Behind the Scene of the Crime
Most people don't realize it, but the Scene of the Crime Festival is the brainchild of crime writer Therese Greenwood. A Wolfe Island native herself, Therese had long felt that the Island would make the perfect setting for a mystery writing festival. "What could be more perfect?" she said at the time. "Everyone loves the idea of an island. What could be more intriguing and mysterious? Hey, we could call the festival 'Scene of the Crime'." The first thing she did was recruit her partners in the mad scheme, Maureen Lollar, member of the Wolfe Island Business and Tourism Association (WIBTA), and myself, a fellow crime writer. Once we were all on board, the conspiracy . . . um, I mean the planning for the first Scene of the Crime Festival was on its way.
As the old saying goes, it's better to be lucky than good. When the Festival was still in its very early stages, Therese and I attended a Sherlock Holmes symposium where we learned from David Skene-Melvin – noted historian of Canadian crime writing – that Grant Allen, himself a Wolfe Island native and a friend of Arthur Conan Doyle, was considered Canada's first crime writer. Therese immediately realized what a stroke of luck this was for the Festival. "I can see the press release now!" she said, pointing out that this simple connection could bring the Festival national recognition.
Still, we started out small, testing the waters of local interest and support that would be so necessary for long-term success. And so the first year centred around the first of the Festival's terrific church suppers. Maureen organized the food, while Therese and I recruited Canadian mystery writers Peter Sellers and Mary Jane Maffini, who was president of Crime Writers of Canada that year. We brought in a number of local writers and celebrities, such as Rose de Shaw, Margaret Knott, Rene Marshall and Captain Brian Johnson, of the Wolfe Islander III. Therese also managed to snag a long-time mystery fan and well-known broadcaster Roy Bonisteel – did I mention that Roy's her father-in-law? Did I already say something about it's better to be lucky than good?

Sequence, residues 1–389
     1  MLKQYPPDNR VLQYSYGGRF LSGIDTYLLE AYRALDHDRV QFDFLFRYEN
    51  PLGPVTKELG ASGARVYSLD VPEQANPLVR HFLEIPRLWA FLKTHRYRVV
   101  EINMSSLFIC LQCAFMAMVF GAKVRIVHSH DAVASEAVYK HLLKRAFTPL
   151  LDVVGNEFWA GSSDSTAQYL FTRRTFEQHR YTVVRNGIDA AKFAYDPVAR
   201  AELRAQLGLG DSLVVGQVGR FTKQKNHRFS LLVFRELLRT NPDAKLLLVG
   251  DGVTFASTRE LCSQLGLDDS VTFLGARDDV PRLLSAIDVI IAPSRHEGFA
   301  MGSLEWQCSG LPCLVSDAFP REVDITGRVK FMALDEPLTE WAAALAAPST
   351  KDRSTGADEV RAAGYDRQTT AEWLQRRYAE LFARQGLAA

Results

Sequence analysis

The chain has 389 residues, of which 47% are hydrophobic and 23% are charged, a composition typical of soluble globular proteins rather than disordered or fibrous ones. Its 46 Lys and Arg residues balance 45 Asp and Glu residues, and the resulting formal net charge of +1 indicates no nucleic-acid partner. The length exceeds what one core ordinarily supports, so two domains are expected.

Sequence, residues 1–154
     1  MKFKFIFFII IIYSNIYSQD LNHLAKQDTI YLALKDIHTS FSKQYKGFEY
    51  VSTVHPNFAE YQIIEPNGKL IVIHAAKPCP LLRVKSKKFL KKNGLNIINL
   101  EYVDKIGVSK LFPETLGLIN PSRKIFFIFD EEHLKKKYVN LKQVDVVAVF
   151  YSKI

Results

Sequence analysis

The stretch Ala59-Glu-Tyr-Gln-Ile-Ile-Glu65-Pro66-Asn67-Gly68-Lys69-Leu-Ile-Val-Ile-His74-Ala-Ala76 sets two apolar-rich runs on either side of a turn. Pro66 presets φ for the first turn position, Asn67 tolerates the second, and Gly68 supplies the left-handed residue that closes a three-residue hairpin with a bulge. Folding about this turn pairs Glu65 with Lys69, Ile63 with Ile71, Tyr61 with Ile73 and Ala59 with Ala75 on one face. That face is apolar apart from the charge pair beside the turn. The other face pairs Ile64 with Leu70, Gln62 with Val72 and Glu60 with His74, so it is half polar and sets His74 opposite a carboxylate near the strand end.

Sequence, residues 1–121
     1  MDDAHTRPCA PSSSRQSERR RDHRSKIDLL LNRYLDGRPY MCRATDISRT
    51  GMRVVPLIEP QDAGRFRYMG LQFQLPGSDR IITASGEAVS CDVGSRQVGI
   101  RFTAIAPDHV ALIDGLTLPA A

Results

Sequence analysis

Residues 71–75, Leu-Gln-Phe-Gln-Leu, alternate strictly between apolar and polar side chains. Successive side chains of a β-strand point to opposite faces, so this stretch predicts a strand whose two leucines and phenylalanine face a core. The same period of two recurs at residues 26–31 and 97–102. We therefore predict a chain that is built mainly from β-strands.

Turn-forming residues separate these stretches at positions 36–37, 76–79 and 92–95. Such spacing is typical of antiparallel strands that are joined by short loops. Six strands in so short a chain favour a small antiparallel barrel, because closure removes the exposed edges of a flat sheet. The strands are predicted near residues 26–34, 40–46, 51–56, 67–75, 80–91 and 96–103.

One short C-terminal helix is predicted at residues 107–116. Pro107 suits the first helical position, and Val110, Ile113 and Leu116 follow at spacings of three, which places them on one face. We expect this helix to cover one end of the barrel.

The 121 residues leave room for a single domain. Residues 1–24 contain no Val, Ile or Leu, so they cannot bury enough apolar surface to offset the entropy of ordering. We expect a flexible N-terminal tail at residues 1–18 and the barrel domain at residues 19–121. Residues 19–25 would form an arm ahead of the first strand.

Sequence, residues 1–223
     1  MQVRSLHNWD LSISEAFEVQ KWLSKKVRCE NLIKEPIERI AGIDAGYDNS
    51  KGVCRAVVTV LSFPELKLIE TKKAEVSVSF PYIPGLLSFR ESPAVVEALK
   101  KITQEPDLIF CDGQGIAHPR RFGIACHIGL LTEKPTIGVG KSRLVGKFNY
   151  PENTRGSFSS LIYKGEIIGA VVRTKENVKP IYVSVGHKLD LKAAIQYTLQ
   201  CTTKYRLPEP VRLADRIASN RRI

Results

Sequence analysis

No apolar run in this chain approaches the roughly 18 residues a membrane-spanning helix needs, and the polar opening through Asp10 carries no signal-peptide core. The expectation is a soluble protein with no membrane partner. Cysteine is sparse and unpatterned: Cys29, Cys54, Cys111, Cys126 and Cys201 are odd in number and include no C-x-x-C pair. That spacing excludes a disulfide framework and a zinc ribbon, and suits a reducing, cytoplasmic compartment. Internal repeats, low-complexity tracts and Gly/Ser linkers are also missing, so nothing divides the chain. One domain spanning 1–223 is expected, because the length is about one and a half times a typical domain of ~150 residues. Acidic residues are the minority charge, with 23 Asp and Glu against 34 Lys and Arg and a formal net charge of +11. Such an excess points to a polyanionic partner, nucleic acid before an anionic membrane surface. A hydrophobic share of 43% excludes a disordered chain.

That first church supper featured readings, book signings, door prizes, and a silent auction. Since then the Festival has expanded into an all-day event, adding author panels, a lecture, a writing workshop and a short story contest in the second year. In the third year we began honouring Canada's crime-writing pioneers with the Grant Allen Award.
By the way, each speaker at our very first dinner, on Saturday 24th, 2002, was asked to write the beginning of a mystery story, using Wolfe Island as its setting. Why just the beginning of a story? What better way to honour where it all began, and to represent the start of what's become one of Canada's most important crime-writing festivals?
Want more details, and pictures? See our website, www.sceneofthecrime.ca, and friend us on Facebook.
Violette Malan's short mystery fiction has been published in the Canadian anthologies of the "Ladies Killing Circle", in the noir anthology Crime Spree, and in the magazine Over My Dead Body. Her erotic has been published in Penthouse. She is co-editor of "Dead in the Water", an anthology of crime and mystery fiction and she is co-founder of the Scene of the Crime Festival on Wolfe Island.
Violette's first fantasy novel, "The Mirror Prince", was published by DAW (New York) in 2006. "The Sleeping God", the first of her Dhulyn and Parno novels, was published in 2007. The series has continued with "The Soldier King" in 2008 and "The Storm Witch" which was released in September 2009. Her most recent novel, Path of the Sun, was released in Sept. 2010.